Some muscle cells are multi-talented.
American Society for Cell Biology Meeting, Washington, December 2001
Stem cells’ fates are a multiple choice.
A single stem cell from adult mouse muscle can form enough blood cells to save another animal’s life - and still switch back to making brawn, researchers announced at the Washington meeting of the American Society for Cell Biology this week.
"It shows that cells can go in many different directions given the right environment," says stem-cell researcher Helen Blau of Stanford University in California. The traditional view - that stem cells progressively and permanently lose their initial ability to produce many cell types - is changing, she argues.
Rather than a one-way road of cell destiny, "It looks like a San Francisco highway", says Blau. Stem cells can go off at one exit to make nerve cells and rejoin to make liver cells when the need arises.
Embryonic stem (ES) cells may still have properties that adult stem cells lack, cautions Ron McKay of the Memorial Sloan-Kettering Cancer Center in New York. Adult nerve stem cells are more likely to stop producing new nerve cells than are ES cells, he says, arguing for continued experimentation with the controversial human cells.
"I’ll say it because we’re in Washington: they [ES cells] grow without changing their developmental potential," he says.
"We weren’t looking for stem cells," explains Huard. He and his team were trying to find muscle cells that could restore the missing protein dystrophin in patients suffering from the wasting muscle disease Duchenne muscular dystrophy (DMD). They wanted cells that were tough enough to survive transplantation into a patient.
They injected their selected cell group, labelled so that they could be tracked, into mice with a form of DMD. But the cells rarely turned up in muscle. Instead, Huard found them in heart, liver, lung, spleen - but mainly bone marrow. "I got sidetracked," he says.
Huard is now trying to coax his stem cells back to muscle by searching for the molecules that lure them there. Working muscle cells would bump up dystrophin levels. "It will be very exciting," he predicts.
To finally identify the elusive muscle stem cell, researchers must start from a single cell, warns Blau: even Huard’s group of purified cells could contain outliers with unknown effects. Such a technique identified an ’ultimate’ stem cell from bone marrow earlier this year2.
| © Nature News Service
Overlooked molecular machine in cell nucleus may hold key to treating aggressive leukemia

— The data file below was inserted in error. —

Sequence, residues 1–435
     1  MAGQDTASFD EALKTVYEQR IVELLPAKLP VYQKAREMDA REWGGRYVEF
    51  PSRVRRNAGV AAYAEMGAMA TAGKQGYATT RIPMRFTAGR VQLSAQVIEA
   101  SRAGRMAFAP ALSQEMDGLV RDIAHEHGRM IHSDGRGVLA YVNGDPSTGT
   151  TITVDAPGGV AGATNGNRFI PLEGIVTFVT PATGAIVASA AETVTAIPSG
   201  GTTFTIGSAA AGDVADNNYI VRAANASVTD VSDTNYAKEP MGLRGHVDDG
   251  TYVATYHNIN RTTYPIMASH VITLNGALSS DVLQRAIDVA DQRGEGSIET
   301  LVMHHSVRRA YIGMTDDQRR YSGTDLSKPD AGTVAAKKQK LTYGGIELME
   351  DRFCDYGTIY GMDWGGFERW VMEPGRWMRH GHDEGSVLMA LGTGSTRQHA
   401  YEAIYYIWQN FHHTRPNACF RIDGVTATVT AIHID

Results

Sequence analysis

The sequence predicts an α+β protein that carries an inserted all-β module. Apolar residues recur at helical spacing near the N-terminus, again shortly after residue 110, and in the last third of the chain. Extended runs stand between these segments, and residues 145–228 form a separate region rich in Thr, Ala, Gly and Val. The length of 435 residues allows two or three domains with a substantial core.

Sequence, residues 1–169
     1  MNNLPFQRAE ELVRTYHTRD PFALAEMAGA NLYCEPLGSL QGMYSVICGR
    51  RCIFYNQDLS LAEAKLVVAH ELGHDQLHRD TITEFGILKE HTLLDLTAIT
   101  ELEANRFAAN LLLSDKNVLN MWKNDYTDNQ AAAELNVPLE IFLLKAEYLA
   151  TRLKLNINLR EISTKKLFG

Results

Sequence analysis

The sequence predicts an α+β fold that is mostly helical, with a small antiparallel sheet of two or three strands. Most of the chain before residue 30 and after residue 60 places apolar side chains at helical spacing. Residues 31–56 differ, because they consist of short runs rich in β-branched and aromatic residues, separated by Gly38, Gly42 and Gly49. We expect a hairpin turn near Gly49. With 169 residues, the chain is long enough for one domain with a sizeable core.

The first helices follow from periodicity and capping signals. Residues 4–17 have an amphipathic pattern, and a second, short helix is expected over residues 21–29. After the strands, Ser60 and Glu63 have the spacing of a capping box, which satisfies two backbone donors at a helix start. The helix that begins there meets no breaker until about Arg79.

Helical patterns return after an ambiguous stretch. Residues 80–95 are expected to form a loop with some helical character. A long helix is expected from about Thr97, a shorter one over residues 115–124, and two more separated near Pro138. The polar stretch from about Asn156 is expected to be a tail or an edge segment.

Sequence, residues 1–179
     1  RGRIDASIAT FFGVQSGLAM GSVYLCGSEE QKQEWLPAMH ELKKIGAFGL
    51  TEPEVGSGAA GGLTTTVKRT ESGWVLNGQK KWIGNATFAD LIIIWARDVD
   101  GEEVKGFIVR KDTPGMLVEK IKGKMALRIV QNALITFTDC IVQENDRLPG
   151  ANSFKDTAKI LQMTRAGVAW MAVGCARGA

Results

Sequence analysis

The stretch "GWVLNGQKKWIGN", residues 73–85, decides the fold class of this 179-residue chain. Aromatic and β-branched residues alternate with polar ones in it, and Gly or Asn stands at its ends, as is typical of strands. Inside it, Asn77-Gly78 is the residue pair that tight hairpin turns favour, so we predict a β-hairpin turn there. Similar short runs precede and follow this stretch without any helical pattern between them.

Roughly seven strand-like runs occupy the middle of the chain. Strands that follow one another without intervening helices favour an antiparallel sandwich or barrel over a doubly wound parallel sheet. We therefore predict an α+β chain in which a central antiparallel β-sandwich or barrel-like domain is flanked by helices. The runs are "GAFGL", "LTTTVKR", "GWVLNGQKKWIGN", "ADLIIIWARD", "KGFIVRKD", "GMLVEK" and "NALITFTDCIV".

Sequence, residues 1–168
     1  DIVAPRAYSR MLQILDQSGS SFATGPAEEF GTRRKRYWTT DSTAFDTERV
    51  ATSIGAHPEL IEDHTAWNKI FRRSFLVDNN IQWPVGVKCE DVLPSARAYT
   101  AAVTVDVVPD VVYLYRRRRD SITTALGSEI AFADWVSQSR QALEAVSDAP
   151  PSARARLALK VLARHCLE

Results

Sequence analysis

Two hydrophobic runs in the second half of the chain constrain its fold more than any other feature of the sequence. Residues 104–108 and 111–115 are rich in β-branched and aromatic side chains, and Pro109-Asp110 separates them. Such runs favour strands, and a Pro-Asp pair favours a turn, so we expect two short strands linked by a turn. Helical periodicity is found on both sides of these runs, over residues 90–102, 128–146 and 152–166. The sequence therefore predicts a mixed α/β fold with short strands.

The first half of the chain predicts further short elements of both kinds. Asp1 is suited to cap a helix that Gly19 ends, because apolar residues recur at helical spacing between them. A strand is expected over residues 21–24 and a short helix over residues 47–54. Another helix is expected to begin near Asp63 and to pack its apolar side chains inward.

23.04.2019 | Cincinnati Children's Hospital Medical Center
Bacteria use their enemy -- phage -- for 'self-recognition'
23.04.2019 | Chinese Academy of Sciences Headquarters
Researchers led by Francesca Ferlaino from the University of Innsbruck and the Austrian Academy of Sciences report in Physical Review X on the observation of supersolid behavior in dipolar quantum gases of erbium and dysprosium. In the dysprosium gas these properties are unprecedentedly long-lived. This sets the stage for future investigations into the nature of this exotic phase of matter.
Supersolidity is a paradoxical state where the matter is both crystallized and superfluid. Predicted 50 years ago, such a counter-intuitive phase, featuring...
A stellar flare 10 times more powerful than anything seen on our sun has burst from an ultracool star almost the same size as Jupiter
A localization phenomenon boosts the accuracy of solving quantum many-body problems with quantum computers which are otherwise challenging for conventional computers. This brings such digital quantum simulation within reach on quantum devices available today.
Quantum computers promise to solve certain computational problems exponentially faster than any classical machine. “A particularly promising application is the...
The technology could revolutionize how information travels through data centers and artificial intelligence networks
Engineers at the University of California, Berkeley have built a new photonic switch that can control the direction of light passing through optical fibers...
Physicists observe how electron-hole pairs drift apart at ultrafast speed, but still remain strongly bound.
Modern electronics relies on ultrafast charge motion on ever shorter length scales. Physicists from Regensburg and Gothenburg have now succeeded in resolving a...
17.04.2019 | Event News
15.04.2019 | Event News
09.04.2019 | Event News
23.04.2019 | Information Technology
23.04.2019 | Earth Sciences
23.04.2019 | Life Sciences